It was a good turn-out, double than the previous Wellington event, and would have been even bigger had the stormy weather not put a few folks off. In fact, one panellist, Craig Nowlan of Montage’s, planes didn’t even get to land that morning!
The event was a great induction for those like me who had little working knowledge of Psoda, but at the same time offered good insights for more experienced users.
The day opened with Psoda Chief Everything Officer Bruce Aylward giving an overview of some of the recent additions to the Psoda feature set, as well as a glimpse into the future with a rundown of enhancements on the product roadmap.
What really stood out about this overview was how Psoda listens and responds to feedback from its users and then strives to include their suggestions in future updates. Bruce even opened the floor to suggestions for new features users would like to see or niggles they’d like to raise.
The ability to constantly roll out products enhancements and new features is of course one of the many benefits of using cloud tools, such as Psoda.
Bruce’s talk was followed by the day’s two main speakers Amelia Lategan of Auckland Transport and Ross Whiteman of Central TAS who shared how they use Psoda in their organisations.
Ross stunned the audience by revealing that Central TAS went from contracting Psoda to deploying it operationally within two weeks. The organisation needed a tool that was smart and responsive to support programme rigour and discipline, and could be implemented quickly.
Psoda ticked all the boxes and stood out amongst the competition, he said.
Ross meanwhile outlined three major challenges facing project management offices (PMOs) today: Striking the right balance in portfolio selection, delivery risk management, and value realisation.
He said PMOs should take on a stewardship role in portfolio selection to get the balance right between process rigour and executive judgement, and should avoid getting stuck in the “process straightjacket”.
According to Ross, The most immediate reporting need for PMOs is to better highlight potential risks before they occur and to pass that information to the right individuals in the organisation.
With regards to value realisation he said organisations struggle to confirm the benefits realisation of projects, while ensuring business readiness for implementation through effective change management.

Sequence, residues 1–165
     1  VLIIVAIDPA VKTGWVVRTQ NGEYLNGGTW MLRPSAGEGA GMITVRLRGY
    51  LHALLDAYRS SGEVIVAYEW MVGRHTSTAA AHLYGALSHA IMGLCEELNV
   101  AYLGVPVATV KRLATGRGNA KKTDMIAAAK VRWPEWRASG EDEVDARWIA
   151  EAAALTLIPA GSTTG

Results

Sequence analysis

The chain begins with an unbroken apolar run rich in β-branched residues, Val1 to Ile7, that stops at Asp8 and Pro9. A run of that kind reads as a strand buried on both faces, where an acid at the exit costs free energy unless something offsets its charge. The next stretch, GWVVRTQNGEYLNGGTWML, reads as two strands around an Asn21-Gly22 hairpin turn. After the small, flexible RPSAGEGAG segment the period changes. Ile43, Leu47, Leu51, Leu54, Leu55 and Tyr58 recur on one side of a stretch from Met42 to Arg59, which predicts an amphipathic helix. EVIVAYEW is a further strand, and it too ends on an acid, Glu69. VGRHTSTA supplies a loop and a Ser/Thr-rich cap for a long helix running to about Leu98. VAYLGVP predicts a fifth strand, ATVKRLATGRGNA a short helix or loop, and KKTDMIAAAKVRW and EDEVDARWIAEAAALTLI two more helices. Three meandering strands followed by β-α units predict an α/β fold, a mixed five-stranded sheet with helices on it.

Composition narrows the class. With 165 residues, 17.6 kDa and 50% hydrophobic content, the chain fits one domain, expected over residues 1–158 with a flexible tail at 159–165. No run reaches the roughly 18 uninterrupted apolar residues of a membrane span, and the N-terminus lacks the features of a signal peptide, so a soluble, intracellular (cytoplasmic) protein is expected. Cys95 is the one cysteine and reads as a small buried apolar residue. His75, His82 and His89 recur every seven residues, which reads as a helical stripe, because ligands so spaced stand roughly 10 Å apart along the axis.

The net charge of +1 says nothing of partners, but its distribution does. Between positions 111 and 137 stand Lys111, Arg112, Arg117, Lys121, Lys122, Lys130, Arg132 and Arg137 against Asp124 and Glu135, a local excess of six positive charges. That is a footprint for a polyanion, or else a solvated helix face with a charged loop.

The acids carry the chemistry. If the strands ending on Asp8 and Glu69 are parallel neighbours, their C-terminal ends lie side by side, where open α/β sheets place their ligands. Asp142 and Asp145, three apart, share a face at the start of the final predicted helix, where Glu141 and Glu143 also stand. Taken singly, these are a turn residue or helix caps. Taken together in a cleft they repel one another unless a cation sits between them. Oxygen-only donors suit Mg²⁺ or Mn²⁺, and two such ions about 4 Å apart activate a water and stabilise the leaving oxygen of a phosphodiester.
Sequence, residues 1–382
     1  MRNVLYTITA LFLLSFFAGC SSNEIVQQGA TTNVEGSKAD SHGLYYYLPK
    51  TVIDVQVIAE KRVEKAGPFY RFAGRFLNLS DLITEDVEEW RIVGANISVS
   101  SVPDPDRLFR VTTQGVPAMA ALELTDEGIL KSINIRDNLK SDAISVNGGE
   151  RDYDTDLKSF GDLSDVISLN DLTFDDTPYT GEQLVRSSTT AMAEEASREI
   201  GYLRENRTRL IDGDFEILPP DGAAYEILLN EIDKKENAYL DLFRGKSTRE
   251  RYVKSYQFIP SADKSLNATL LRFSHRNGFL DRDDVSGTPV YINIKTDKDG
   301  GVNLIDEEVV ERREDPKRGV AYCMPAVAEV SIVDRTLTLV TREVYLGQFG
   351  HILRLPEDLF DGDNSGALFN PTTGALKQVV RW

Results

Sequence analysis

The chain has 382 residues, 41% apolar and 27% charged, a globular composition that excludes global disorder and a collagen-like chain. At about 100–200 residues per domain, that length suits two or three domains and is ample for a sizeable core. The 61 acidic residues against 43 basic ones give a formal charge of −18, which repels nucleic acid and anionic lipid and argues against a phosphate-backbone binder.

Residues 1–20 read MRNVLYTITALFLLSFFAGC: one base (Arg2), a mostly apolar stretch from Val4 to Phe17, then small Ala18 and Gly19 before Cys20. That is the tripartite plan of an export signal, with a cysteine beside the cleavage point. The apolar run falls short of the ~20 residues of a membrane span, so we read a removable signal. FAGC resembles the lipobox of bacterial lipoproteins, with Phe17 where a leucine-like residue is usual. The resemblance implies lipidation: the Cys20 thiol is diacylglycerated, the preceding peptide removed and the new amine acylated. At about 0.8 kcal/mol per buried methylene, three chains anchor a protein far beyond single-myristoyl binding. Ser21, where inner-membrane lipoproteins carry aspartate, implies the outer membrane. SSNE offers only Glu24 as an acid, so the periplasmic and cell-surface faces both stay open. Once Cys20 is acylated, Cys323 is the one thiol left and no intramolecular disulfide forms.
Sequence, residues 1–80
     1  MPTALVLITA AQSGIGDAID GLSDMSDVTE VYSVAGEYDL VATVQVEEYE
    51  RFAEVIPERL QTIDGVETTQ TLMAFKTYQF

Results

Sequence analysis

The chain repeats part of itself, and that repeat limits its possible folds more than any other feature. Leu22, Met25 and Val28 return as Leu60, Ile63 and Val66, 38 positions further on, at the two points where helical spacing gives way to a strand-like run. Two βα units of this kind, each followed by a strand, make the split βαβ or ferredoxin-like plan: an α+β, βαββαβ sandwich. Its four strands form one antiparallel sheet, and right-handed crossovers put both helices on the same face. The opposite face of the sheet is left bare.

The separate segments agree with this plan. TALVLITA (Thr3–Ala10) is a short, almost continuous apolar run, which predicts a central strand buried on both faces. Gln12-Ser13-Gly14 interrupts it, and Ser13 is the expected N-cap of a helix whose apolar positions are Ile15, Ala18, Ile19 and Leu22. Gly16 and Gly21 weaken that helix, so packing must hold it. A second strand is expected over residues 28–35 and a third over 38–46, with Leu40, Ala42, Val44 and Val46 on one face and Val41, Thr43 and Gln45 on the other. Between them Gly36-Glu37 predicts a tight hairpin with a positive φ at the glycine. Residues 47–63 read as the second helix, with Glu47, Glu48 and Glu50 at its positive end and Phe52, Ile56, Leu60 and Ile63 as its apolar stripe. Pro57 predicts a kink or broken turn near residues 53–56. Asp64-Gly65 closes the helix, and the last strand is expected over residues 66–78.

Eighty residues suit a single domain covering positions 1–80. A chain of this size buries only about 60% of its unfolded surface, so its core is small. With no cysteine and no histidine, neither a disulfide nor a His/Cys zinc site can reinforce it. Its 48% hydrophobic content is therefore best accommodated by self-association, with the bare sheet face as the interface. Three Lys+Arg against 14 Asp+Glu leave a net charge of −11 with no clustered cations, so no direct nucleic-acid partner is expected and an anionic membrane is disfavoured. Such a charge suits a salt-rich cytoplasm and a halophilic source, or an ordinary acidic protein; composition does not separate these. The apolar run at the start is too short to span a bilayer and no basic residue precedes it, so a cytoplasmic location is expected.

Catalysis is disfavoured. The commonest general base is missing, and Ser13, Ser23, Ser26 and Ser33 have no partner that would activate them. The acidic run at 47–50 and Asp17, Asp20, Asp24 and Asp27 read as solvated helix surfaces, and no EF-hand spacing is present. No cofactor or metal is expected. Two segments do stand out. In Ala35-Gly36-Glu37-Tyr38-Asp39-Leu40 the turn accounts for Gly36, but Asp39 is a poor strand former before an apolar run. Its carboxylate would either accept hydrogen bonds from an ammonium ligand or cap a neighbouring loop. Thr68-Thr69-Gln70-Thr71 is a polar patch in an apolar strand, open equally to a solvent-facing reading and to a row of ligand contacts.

“It’s the hearts and minds stuff – 80% of cultural change is emotional, but the IT department focuses on the 20% that isn’t,” he said, suggesting an integrated benefits realisation framework is needed.
“Without a mechanism to track benefits realisation post project implementation organisations struggle to understand the value of the portfolio and consequently the value of the PMO.”
Ross also raised the issue of value leakage, saying this can result in a 50 to 60% discrepancy between expected and realised value. Such value leakage is caused by poor project selection and prioritising, inefficient project executions, and poor value tracking.
He challenged project managers to consider the value realisation of their projects beyond delivery.
“Have you delivered any business benefits even if you delivered the project on time and to budget?”
Implementing Psoda was a serious catalyst of change to process and culture at Central TAS, and delivered immediate productivity gains, Ross said.
“Don’t wait to get processes right before implementing tools like Psoda. Get something out there and iterate it.”
Amelia Lategan meanwhile explained that using Psoda has enabled Auckland Transport to cut its portfolio/project meetings in half from one hour to 30 minutes.
This is because weekly reporting in Psoda means status reports from team members are already captured, so meetings are used to focus on the most immediate issues rather than discussing the progress of work.
“Psoda gives us a quick reference point and provides one true view of all projects,” said Amelia.
Other benefits of Psoda Amelia highlighted included its one click Risk Management reporting, the tracking of data updates and changes which create and audit trail, and the ability to import data from other sources, such as SAP.
In addition, being a web-based application allows team members to access Psoda from anywhere at any time.
Amelia also commended Psoda on its quick turnaround time on development and requests for change.
Meanwhile, Amelia explained how Auckland Transport implemented Psoda in stages. In stage one it rolled out Milestones, Issues and Risks, Budget and Expenses and Weekly Reporting functions. Dependencies and Change Requests were added in stage two. In stage three, Resource Forecasting and importing of SAP budget and expenses were added.
The deployment was supported by one-on-one training, as well as a Psoda User Training Manual and a tips and tricks for project managers resources.
Later this week, I will cover the rest of the day’s proceedings, which included two panel discussions – one on Programme and Portfolio Managing and the other about PMOs.